Sol T. Plaatje
He is best known today as the author of several pioneering books. Native Life in South Africa, a scathing indictment of the Natives Land Act of 1913, one of the most far reaching pieces of legislation in South African history, is one of South Africa’s greatest political books and represents the political views of a past generation of African political activists. Mhudi was the first novel in English to be written by a black South African. The choice of language and an historical setting indicated a political agenda in writing the book: to refute the common fallacy of black people being “uncivilized” and at the same time to present a serious indictment of segregation in general and land distribution in particular. He was also the first known black person to keep a diary during a protracted war. While working as a court interpreter in the office of the Civil Commissioner and Magistrate during the siege of Mafikeng, he wrote his Boer War Diary, that was only discovered many years after his death. His diary of the events is a valuable historical document, unique in its presentation of an African perspective.
Plaatje was an accomplished linguist fluent in at least seven languages, but apart from writing in English he was very much preoccupied with the preservation of the Setswana language. He compiled the first Setswana phonetic reader titled A Sechuana Reader, a bilingual collection of Tswana folklore in collaboration with a well-known linguist, Daniel Jones, during his first trip to England. He also collected Setswana proverbs producing Sechuana Proverbs with Literal Translations during the same period. His preoccupation with the writings of Shakespeare led to the translation of several of his plays into Setswana of which only Diphosho-Phosho (Comedy of Errors) and Dikhontsho tsa bo-Juliuse Kesara (Julius Caesar) survived.
Plaatje belonged to a small group of mission-educated African intelligentsia that in 1912 founded the South African Native National Congress, the organisation renamed in 1926 as the African National Congress. His political campaigning against the Land Act and subsequent discriminatory legislation took him twice as part of a delegation to Britain where he met several prominent politicians, amongst them the British Prime Minister, Lloyd George. He also visited the United States on his own where he interacted with prominent black leaders such as Marcus Garvey, president of the Universal Negro Improvement Association, and W E P Du Bois, the leader of the National Association for the Advancement of the Coloured People.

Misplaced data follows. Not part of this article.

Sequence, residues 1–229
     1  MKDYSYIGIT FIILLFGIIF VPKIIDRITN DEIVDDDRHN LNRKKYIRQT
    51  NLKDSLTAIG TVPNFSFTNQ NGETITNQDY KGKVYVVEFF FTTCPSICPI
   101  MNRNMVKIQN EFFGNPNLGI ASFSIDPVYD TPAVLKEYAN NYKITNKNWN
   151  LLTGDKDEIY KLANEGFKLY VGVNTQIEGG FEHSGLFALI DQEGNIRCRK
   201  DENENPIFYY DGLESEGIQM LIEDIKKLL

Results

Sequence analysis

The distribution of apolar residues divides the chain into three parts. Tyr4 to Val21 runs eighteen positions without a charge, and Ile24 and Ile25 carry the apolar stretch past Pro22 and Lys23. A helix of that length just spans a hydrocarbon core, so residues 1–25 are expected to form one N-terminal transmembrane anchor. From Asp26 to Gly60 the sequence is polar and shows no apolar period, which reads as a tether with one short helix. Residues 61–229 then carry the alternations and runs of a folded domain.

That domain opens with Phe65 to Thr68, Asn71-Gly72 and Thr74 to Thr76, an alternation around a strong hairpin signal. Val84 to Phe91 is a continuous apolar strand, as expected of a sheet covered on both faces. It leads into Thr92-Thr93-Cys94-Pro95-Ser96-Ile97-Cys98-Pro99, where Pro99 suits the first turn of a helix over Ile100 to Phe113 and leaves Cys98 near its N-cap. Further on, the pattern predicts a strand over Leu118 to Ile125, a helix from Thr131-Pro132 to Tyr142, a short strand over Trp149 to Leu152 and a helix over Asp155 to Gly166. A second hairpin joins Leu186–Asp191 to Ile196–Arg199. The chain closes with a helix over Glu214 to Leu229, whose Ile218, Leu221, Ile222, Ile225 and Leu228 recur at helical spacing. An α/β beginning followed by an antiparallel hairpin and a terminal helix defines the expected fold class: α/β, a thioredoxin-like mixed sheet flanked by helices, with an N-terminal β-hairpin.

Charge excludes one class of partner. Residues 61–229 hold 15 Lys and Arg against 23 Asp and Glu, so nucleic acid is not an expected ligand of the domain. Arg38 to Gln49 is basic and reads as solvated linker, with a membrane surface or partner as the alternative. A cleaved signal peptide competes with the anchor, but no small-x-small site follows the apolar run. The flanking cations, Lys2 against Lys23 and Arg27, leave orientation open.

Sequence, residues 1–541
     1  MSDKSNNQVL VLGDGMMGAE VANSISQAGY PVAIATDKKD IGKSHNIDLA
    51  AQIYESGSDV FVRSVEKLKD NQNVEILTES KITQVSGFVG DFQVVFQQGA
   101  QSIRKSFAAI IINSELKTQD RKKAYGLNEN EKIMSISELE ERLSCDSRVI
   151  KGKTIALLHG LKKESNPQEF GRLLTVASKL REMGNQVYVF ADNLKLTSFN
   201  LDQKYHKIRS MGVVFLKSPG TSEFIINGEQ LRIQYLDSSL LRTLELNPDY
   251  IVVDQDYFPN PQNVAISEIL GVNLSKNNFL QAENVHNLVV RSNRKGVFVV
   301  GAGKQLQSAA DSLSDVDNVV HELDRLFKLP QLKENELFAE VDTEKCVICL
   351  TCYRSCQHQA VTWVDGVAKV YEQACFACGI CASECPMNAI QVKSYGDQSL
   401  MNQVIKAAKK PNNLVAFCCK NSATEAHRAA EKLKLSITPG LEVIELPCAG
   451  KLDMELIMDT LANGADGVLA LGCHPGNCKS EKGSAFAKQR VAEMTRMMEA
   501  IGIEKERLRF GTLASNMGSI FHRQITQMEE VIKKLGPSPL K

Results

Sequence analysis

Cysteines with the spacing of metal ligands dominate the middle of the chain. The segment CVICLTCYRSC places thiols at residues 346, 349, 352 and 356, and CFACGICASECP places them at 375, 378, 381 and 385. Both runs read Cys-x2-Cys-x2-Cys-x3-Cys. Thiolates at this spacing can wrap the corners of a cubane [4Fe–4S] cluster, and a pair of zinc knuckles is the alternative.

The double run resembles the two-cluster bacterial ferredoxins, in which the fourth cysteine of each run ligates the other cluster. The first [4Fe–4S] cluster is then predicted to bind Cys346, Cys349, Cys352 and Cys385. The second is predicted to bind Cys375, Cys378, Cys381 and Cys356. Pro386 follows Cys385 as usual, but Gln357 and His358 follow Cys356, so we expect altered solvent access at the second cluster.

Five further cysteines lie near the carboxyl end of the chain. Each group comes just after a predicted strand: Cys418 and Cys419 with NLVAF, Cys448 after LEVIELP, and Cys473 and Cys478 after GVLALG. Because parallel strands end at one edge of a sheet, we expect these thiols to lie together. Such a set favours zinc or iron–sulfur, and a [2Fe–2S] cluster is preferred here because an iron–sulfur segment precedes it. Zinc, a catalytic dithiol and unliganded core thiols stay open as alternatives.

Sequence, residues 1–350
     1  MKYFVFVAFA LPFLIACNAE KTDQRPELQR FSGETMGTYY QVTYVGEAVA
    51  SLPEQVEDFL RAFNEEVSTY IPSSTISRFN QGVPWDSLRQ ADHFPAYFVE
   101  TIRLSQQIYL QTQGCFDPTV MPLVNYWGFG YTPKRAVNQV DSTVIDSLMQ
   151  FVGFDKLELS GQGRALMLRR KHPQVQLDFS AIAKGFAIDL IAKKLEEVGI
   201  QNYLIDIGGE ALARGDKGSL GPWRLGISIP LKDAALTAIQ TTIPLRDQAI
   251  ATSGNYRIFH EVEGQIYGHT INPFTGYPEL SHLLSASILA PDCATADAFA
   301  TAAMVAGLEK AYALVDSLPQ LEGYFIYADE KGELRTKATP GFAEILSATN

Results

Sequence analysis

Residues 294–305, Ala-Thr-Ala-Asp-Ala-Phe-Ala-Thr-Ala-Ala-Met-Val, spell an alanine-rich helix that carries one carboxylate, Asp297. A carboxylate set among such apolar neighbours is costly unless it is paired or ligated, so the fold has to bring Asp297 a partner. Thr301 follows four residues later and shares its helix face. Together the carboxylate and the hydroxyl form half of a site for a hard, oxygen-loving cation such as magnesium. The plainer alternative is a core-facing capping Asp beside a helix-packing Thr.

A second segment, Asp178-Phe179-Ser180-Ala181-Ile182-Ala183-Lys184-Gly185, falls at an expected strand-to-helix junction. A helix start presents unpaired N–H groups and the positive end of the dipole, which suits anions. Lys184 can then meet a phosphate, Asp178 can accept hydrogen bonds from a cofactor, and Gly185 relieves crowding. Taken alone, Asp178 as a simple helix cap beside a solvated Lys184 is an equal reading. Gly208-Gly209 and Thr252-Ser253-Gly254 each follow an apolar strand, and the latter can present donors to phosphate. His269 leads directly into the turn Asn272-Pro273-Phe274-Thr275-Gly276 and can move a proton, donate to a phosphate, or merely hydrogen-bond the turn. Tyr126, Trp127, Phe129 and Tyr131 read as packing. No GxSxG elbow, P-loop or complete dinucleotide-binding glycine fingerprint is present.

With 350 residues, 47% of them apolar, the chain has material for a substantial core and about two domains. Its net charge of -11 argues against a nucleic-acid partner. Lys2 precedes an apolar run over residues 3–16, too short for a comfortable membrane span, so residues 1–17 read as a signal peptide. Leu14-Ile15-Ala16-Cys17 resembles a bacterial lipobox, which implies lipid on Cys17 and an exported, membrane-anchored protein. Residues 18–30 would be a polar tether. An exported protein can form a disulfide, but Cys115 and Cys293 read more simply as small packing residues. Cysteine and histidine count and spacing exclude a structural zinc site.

Although he was an African Nationalist, he was not averse to effectively negotiating and collaborating with the authorities of the time to get his way on several occasions.
During his stay in Mafikeng he would begin his career as journalist, when he became the part-owner and editor of Koranta ea Becoana (Bechuana Gazette). He went on to become one of the outstanding pioneers in the field of African journalism in South Africa. Plaatje would own and edit two more newspapers in Kimberley where he went to live when Koranta foundered, Tsala ea Becoana (Bechuana Friend) and Tsala ea Batho (The Friend of the People).
Although he lost these too, they were important platforms on which he would campaign for the rights of his people. In the last years of his life he carried on with this kind of campaign by becoming a prolific letter writer; these letters were published in the major newspapers of the time.
He was a committed Christian, responsible for organising the interdenominational Christian Brotherhood devoted to the ideals of equality and fraternity in Kimberley. In later life Plaatje became increasingly despondent about the effect of social and economic changes were having upon the lives of his people. His involvement with the affairs of the Independent Order of True Templars stemmed from his belief that moral regeneration was essential to the advancement of his people.
The home where he lived for the last few years of his life in Kimberley, 32 Angel Street, was declared a National Monument in 1992; his grave in West End Cemetery in 1997. Today, 32 Angel Street houses the Sol Plaatje Museum and Library, which are funded by donors and run by the Sol Plaatje Educational Trust .